IS Case 600: Avascular necrosis of the right hip

Katherine Kaproth-Joslin, MD

Imaging Sciences URMC

Imaging Sciences URMC 2010
Publication Date: 2011-11-17


The patient is a 6-year-old boy with complaints of leg pain at the ages of 2 and 4.5 years old, now seen for follow-up.


Avascular necrosis of the right hip.


Avascular necrosis of the right hip


Legg-Calve-Perthes (Perthes) disease is a fairly common disorder of the childhood hip, affecting 10.8 of every 100,000 children [1]. The common age of presentation is between 3-7 years, boys more commonly then girls 4:1 [1]. Children often present with limping and pain present only during physical activity [1]. The underlying etiology of Perthes is unknown and is characterized by avascular necrosis of the epiphysis, leading to impaired femoral head enchondral ossification [1]. The proposed mechanism of injury includes repetitive microtrauma, skeletal retardation, and vascular insufficiency [1].

Evaluation of the hip starts with x-ray films in two planes, both establishing the diagnosis as well as enabling classification, prognosis, and treatment follow-up [1]. MRI may be used to diagnosis early Perthes when clinical suspicion is high and plain films are negative. Technetium 99m bone scan can be used to determine the extent of avascular changes before they are evident on plain radiographs [3].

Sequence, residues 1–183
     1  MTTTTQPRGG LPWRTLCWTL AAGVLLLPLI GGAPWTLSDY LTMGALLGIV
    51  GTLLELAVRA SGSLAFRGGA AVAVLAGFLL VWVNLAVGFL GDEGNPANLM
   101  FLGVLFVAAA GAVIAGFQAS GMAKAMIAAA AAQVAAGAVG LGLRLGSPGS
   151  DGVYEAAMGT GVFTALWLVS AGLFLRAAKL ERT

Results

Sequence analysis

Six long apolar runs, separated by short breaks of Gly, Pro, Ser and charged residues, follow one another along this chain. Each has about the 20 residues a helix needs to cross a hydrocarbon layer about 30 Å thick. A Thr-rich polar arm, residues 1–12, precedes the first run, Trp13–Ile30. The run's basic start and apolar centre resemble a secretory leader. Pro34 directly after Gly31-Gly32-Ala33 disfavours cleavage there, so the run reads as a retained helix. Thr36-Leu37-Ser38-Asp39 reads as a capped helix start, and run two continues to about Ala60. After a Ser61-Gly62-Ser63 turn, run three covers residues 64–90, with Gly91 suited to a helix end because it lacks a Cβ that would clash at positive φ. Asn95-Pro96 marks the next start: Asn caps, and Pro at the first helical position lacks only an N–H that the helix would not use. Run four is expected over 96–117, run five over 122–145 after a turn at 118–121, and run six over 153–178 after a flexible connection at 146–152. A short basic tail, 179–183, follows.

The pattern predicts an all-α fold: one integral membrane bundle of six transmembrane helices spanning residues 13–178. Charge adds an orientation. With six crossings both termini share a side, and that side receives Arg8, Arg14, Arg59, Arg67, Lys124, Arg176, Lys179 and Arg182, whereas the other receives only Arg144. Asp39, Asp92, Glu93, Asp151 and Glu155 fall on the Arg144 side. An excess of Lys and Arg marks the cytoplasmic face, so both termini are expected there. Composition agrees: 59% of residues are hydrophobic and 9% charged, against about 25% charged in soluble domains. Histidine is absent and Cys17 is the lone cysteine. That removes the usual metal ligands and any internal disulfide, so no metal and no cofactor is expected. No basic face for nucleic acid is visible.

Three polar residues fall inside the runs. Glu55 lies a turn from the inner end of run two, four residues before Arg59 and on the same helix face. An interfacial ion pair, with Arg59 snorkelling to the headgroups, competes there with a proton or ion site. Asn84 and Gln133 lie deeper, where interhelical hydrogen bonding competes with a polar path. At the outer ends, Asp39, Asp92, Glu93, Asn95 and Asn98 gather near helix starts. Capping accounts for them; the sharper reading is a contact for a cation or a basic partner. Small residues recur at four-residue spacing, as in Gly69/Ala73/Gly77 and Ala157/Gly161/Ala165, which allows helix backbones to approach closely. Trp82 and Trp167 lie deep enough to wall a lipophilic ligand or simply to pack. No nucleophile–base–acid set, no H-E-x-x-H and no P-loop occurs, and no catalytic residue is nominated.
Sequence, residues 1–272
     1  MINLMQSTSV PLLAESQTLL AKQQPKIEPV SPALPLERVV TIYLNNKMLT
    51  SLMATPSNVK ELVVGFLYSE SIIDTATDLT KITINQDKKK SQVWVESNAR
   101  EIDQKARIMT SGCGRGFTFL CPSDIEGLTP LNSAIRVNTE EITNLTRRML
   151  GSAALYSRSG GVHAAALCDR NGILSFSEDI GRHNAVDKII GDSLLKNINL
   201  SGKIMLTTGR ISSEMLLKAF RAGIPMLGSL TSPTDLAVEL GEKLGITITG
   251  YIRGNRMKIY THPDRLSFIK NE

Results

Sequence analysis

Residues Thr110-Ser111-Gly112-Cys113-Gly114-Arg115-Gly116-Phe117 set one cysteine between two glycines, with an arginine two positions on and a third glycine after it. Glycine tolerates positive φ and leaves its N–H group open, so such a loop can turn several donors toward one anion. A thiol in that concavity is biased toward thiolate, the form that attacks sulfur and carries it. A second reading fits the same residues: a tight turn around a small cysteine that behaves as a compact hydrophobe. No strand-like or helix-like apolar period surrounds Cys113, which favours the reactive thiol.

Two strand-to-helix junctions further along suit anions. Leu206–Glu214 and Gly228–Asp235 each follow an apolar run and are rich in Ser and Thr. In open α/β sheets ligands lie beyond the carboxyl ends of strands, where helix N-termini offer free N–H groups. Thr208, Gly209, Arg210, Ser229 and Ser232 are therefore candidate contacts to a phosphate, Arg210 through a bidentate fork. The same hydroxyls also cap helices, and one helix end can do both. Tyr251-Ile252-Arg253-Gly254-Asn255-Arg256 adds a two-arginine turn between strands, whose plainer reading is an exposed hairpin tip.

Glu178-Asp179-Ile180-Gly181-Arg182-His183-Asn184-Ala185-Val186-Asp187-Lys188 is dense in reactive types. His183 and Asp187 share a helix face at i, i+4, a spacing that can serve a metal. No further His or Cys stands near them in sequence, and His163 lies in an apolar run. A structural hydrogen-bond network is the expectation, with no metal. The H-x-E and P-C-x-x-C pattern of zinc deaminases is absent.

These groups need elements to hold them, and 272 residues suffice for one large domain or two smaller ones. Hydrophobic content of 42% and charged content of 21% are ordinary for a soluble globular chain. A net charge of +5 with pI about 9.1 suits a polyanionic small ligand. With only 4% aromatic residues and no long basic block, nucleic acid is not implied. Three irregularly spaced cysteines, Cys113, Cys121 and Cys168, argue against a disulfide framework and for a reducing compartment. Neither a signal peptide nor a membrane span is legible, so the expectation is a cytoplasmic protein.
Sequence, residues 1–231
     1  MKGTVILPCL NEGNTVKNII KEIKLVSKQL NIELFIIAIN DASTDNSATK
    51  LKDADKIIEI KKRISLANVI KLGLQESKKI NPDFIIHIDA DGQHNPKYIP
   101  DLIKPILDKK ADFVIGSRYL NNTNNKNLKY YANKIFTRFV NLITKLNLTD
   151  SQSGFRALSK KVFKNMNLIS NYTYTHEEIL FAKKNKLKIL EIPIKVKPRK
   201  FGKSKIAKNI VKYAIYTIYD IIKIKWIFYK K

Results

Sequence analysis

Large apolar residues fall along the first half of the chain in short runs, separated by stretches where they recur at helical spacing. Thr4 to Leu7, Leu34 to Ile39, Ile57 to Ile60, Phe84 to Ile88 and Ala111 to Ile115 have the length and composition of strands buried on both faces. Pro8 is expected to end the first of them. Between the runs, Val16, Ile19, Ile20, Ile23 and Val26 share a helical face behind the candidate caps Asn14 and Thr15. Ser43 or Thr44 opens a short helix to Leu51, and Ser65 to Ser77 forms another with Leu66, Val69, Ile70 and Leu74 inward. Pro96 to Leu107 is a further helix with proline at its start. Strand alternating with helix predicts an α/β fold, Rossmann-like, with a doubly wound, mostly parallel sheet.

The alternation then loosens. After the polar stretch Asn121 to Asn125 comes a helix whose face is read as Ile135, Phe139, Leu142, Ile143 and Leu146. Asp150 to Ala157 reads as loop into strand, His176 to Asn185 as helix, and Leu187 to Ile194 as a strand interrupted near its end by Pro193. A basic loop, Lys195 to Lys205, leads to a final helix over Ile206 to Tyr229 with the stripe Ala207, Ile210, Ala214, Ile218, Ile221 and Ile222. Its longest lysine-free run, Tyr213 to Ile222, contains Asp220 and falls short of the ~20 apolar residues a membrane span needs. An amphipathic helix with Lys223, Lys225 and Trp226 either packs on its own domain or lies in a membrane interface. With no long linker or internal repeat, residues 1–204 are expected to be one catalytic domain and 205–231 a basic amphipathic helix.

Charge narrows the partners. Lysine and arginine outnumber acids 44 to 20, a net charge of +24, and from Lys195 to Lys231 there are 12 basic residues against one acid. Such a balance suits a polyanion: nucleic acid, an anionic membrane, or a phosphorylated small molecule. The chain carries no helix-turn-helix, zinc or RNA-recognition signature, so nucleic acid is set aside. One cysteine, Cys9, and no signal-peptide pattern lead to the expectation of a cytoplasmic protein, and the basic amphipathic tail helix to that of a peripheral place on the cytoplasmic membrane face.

The radiographic appearance of the disease is highly variable depending on the severity of the disease. The stages of Perthes are as follows:

• the initial phase, where growth at the capital femoral epiphysis ceases; the condensation phase, where the cessation of femoral epiphyseal growth leads to a smaller epiphysis and widening of the articular joint space on the affected side;

• the fragmentation phase, where subchondral fracture and linear radiolucency is seen within the femoral head epiphysis;

• the repair phase, where bone is being reabsorbed; and the healing phase, where new bone is being ossified [1, 3].

Several classification systems for Perthes are used, with the most recent based on the height of the lateral pillar of the epiphysis of the femoral head, as measured on the AP x-ray view in the early fragmentation phase [2]. In group A, with the best prognostic outcomes, the lateral pillar remains intact, in group B, at least 50% of the lateral pillar remains standing, and in group C, less then 50% of the lateral pillar remains standing [1, 2]. This system has high prognostic value and good intra-observer reliability. The value of the system increases when the patient’s age at onset of disease is accounted for.


  1. Nelitz M, Lippacher S, Krauspe R, Reichel H. Perthes disease: current principles of diagnosis and treatment. Dtsch Arztebl Int. 2009 Jul;106(31-32):517-23. PMID: 19730720
  2. Herring JA, Kim HT, Browne R. Legg-Calve-Perthes disease. Part I: Classification of radiographs with use of the modified lateral pillar and Stulberg classifications. J Bone Joint Surg Am. 2004 Oct;86-A(10):2103-20. PMID: 15466719
  3. Nochimson G. Legg-Clave-Perthes disease in emergency medicine. Updated: April 14, 2011

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